This Friday I propose we all forget about the pandemic (metaphorically) and focus on our TBR piles. Stay home this weekend, fix yourself a pitcher of tasty cocktails (or mocktails–your choice), grab a lawn chair or hammock and get reading. I will admit I’m spurred on by my own weekend reading list. Mine is all client-and-submission related, but the rest of the proposal stands. And you should feel free to tackle all those great vacation reads you’d normally enjoy on a plane or by a pool. (If you have a pool in your yard, even better.)
Not sure where to start? You are in luck. This week’s links feature lots of book lists. So if you are wondering what to read, or just what to pick up first, check below for inspiration. Ignore the insanity of the outside world and sink into a romance or a fantasy or thriller for distraction. Cheers!
Independent Bookstore Day swag. – Independent Bookstore Day is creeping up, and you can now buy swag in the form of face masks or coffee mugs to honor/support the event.
2020 First Novel Prize: The Long List. – The long list for this year’s First Novel Prize by the Center for Fiction. I’m not sure every single one of these titles are out yet–I’ve heard buzz about ARCs for a couple–but many are, and you can always make a mental note for later if something appeals.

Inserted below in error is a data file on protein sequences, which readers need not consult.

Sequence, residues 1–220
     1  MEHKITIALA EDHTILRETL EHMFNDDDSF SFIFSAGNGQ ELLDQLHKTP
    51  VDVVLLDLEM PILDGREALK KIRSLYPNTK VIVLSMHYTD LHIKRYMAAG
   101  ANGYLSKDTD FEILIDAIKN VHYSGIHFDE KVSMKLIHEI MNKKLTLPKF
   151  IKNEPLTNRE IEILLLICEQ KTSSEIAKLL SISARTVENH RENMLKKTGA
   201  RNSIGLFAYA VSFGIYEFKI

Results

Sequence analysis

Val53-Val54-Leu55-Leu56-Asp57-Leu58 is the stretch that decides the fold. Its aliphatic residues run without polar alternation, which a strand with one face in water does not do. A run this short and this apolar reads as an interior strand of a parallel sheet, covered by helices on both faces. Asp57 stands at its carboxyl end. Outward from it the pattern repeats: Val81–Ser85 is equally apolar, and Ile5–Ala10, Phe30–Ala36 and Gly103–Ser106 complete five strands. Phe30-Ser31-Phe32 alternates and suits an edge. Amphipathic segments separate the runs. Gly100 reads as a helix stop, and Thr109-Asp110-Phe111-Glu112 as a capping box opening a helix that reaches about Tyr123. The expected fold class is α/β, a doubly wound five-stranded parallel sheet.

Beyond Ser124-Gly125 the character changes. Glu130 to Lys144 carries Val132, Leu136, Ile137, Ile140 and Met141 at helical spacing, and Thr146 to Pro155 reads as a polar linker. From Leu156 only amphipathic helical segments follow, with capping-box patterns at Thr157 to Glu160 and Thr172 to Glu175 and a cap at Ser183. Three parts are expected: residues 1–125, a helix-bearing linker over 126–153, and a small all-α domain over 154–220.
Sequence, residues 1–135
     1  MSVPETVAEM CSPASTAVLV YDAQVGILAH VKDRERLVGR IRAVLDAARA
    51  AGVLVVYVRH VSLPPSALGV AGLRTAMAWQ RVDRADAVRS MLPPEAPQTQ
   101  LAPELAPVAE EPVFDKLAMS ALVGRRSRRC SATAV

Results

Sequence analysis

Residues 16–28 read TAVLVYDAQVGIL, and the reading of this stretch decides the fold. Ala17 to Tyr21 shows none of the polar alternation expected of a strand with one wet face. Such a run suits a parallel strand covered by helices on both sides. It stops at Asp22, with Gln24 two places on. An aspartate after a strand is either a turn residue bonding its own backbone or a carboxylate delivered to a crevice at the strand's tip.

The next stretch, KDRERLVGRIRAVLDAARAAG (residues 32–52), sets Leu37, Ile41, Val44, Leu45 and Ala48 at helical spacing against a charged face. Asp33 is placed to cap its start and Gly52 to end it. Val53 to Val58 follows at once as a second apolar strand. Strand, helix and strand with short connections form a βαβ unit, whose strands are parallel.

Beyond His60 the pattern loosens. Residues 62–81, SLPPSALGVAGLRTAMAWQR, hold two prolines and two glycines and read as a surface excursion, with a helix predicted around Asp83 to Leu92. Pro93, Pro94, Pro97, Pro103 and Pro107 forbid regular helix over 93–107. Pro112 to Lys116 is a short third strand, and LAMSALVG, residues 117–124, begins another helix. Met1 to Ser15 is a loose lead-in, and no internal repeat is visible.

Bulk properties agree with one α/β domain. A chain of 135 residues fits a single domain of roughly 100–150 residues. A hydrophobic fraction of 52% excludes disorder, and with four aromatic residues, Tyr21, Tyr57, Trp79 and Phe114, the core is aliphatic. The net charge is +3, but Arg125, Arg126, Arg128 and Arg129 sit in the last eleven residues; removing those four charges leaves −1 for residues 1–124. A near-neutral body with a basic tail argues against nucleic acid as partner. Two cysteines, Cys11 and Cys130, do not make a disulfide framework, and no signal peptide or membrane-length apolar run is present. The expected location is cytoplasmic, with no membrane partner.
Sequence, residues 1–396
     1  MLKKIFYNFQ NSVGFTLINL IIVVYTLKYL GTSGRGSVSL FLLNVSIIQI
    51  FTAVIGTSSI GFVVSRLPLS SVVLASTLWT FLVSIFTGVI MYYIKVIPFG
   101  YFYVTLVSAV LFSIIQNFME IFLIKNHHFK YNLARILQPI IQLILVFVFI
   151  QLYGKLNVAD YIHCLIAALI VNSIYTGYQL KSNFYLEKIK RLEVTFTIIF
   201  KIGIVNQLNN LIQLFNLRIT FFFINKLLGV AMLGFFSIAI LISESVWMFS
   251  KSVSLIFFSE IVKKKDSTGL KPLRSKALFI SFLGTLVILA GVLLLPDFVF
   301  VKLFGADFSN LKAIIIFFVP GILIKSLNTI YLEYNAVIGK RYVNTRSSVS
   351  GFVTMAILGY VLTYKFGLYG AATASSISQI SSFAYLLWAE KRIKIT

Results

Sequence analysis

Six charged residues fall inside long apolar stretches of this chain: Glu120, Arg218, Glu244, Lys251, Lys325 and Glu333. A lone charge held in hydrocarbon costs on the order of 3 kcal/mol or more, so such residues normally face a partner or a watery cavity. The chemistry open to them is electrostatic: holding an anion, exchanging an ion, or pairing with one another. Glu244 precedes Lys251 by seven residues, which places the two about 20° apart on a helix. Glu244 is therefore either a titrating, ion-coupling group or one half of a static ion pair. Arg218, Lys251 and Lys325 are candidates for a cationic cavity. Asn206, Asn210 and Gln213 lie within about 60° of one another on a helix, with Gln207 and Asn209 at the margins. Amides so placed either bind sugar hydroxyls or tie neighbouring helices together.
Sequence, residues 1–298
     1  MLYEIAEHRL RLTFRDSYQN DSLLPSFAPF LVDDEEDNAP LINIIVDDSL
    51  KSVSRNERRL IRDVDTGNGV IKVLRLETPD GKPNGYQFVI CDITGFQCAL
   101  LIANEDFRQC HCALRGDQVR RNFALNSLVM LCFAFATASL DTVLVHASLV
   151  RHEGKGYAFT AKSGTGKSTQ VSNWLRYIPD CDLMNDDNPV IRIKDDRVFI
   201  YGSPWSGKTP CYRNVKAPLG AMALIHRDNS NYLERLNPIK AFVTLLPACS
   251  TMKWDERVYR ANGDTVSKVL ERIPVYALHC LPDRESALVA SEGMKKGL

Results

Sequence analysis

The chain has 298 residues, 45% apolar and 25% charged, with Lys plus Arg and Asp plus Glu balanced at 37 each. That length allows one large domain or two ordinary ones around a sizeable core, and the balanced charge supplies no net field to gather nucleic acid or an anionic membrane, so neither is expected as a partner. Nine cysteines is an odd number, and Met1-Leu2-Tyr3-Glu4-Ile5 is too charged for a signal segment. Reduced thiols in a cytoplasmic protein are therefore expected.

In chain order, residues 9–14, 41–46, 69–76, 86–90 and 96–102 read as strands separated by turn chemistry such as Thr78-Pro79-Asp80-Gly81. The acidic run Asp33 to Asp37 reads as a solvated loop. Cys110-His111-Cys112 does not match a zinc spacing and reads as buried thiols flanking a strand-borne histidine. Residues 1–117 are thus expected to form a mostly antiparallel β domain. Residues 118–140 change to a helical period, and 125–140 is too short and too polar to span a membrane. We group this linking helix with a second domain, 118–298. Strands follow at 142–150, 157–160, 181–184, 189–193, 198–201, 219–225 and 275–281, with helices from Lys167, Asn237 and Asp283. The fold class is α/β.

Today we honor Juneteenth, not yet a national holiday, but hopefully on the way. I put this blog mostly on the back burner the last few months, for so many reasons. But today requires acknowledgement, and it feels like a perfect opportunity to discuss racism and humanity. Throughout these weeks of protest and activism following the killing of George Floyd, I’ve been active on Twitter and Instagram and Facebook, trying to support and elevate Black voices. But it’s important for me to talk more broadly about my support of the Black community and that needs a little more space.
Racism comes in all shapes and sizes, but it surrounds us. As a white woman, I understand that I have grown up in this system. It’s in my DNA through decades of exposure. I have to do the work to resist that exposure because even if I am not actively, purposefully racist, I can still say or do things carelessly without understanding their effect. Doing that work means listening. It includes reading, viewing, paying attention. Supporting financially, emotionally, professionally. On Juneteenth, and every day after.